Lewinsky’s Mother Leaves Distraught After Testimony


A red-eyed and visibly distraught Marcia Lewis ended her second day of secret testimony Wednesday before a federal grand jury investigating allegations that her daughter, former White House intern Monica S. Lewinsky, had an affair with President Clinton and helped him cover it up.

Lewis, who faces further questioning, offered no comment as she left the federal courthouse at the end of the day, but the confident demeanor of Tuesday’s appearance had evaporated and she appeared to have been crying.

“It’s an ordeal. No one should have to go through this,” said Billy Martin, her attorney. “No mother should ever be forced by federal prosecutors to testify against their child.”

One source knowledgeable about her testimony said it was protracted in part because Lewis took frequent breaks to consult with her lawyer and to gather herself emotionally.

Grand jury witnesses are not permitted to have counsel present with them in the jury room, but they may step outside to consult with an attorney as often as they choose.


In addition to concern about the potential problems her testimony could pose for Lewinsky, Lewis has legal worries of her own in independent counsel Kenneth W. Starr’s investigation of the matter.

Lewis and her daughter are known to have a very close relationship. Accounts of conversations with Lewinsky secretly taped by her co-worker, Linda Tripp, suggest that Lewis was a party to discussions about how Tripp could avoid or mislead lawyers representing Paula Corbin Jones in her sexual-harassment lawsuit against Clinton.

Jones’ lawyers were probing Lewinsky’s relationship with the president, as well as other matters, and Tripp is expected to be called to testify about what she knew.

If Lewis helped counsel Tripp to lie under oath or evade telling the truth, as accounts of Tripp’s tape recordings suggest, then both mother and daughter could be in legal jeopardy.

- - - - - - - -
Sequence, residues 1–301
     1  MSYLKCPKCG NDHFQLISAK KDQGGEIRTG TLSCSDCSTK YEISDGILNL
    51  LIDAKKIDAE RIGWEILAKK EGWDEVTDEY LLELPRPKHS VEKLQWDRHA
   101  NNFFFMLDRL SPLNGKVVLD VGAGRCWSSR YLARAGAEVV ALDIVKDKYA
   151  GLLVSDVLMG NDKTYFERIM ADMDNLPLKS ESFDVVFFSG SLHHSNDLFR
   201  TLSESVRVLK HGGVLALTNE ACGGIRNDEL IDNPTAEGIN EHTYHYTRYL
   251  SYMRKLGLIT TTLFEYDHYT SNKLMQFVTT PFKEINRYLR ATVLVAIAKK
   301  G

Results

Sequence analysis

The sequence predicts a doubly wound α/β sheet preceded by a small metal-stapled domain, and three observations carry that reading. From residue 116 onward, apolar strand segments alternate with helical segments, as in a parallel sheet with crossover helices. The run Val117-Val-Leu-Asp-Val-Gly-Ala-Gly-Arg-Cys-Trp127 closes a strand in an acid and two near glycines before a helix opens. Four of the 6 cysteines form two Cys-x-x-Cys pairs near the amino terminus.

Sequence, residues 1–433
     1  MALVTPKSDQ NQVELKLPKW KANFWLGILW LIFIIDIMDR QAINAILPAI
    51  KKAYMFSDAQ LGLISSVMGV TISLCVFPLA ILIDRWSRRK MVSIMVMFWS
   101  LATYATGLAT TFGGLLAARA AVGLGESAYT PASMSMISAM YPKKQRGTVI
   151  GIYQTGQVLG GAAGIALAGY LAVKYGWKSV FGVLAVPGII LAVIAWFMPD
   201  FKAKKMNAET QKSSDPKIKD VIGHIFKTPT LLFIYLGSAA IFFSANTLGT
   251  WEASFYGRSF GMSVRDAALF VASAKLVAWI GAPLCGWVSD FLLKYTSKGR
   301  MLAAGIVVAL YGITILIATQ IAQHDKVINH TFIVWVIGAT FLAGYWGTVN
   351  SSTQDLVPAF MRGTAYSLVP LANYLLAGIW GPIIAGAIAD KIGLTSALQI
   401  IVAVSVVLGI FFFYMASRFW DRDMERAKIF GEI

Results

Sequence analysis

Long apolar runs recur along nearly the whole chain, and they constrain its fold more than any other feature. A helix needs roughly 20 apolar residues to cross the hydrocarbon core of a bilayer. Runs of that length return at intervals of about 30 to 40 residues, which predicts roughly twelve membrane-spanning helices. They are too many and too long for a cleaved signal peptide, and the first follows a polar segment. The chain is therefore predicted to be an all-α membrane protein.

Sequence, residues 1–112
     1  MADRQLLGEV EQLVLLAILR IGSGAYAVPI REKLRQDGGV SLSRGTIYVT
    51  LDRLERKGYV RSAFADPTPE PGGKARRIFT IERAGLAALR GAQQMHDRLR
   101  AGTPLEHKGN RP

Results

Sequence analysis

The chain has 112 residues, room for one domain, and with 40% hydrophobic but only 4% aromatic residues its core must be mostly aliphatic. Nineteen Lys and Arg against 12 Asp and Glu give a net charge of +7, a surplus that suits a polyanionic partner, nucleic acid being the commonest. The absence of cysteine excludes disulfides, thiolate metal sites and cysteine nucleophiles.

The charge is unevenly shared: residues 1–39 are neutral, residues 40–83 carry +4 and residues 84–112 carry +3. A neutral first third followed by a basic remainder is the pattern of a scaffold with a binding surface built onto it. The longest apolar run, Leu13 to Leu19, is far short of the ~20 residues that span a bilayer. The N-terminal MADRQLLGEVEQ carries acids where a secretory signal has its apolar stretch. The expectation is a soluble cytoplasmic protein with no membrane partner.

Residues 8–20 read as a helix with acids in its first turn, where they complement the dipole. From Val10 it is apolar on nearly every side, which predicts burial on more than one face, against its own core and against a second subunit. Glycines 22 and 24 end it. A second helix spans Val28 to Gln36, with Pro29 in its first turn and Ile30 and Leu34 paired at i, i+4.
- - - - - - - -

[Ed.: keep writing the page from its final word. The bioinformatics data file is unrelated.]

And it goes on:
Starr could use the specter of prosecution to pressure Lewis into helping him. Unlike spouses, parents cannot legally decline to testify about their children.

Meantime, there were these other developments in the continuing controversy:

* Lawyers for Lewinsky have filed two motions with the chief federal district court judge in Washington, Norma Holloway Johnson. One seeks to void a subpoena calling for Lewinsky’s testimony before the grand jury. The other calls on Judge Johnson to enforce what Lewinsky’s lawyers say is an agreement with Starr requiring a full grant of immunity from prosecution for their client in exchange for her cooperation.

* A county prosecutor in Maryland asked state officials to make the decision on whether to investigate Tripp for allegedly violating state laws when she secretly taped her telephone conversations with Lewinsky. Maryland law permits taping of telephone calls only when both parties consent.

* Congressional Democrats stepped up their attacks on Starr. Sen. Robert Torricelli (D-N.J.) urged Atty. Gen. Janet Reno to investigate whether Starr has improper conflicts of interest, noting that he consulted with attorneys for Jones in the months before being named independent counsel in the Whitewater land deal and did work for a conservative group, the Bradley Foundation, that has financed some Clinton opponents.

Rep. John Conyers Jr. of Michigan, ranking Democrat on the House Judiciary Committee, raised questions about links between Starr and wealthy conservative Richard Mellon Scaife, who has provided financial support for right-wing causes hostile to Clinton. Scaife contributed more than $1 million to help establish Pepperdine University’s new Public Policy School, which Starr is to head along with its Law School when his job as Whitewater prosecutor ends.

* Lewinsky’s lead lawyer, William H. Ginsburg, joined in deploring Starr’s calling of Lewis before the grand jury.

“They’re putting all kinds of pressure on her, and stress,” Ginsburg said. “It’s her daughter, for God’s sake; it’s her daughter. Disgraceful. It’s disgraceful.”

Ginsburg reiterated that Lewinsky is not, and never was, scheduled to testify before the grand jury today, as was reported this week by several news organizations. There is not yet a “date certain” for her to testify, Ginsburg said, adding that he and Lewinsky planned to return to Washington today or Friday.

And, despite his criticisms of Starr, Ginsburg said he does not rule out the possibility that an agreement could yet be reached.

* At the White House, Press Secretary Mike McCurry reacted to reports Tuesday that a retired Secret Service officer recalled Lewinsky visiting the Oval Office to deliver papers and meet with Clinton on weekends.

“On the weekends, there are different combinations of people around, depending on who’s working,” he said.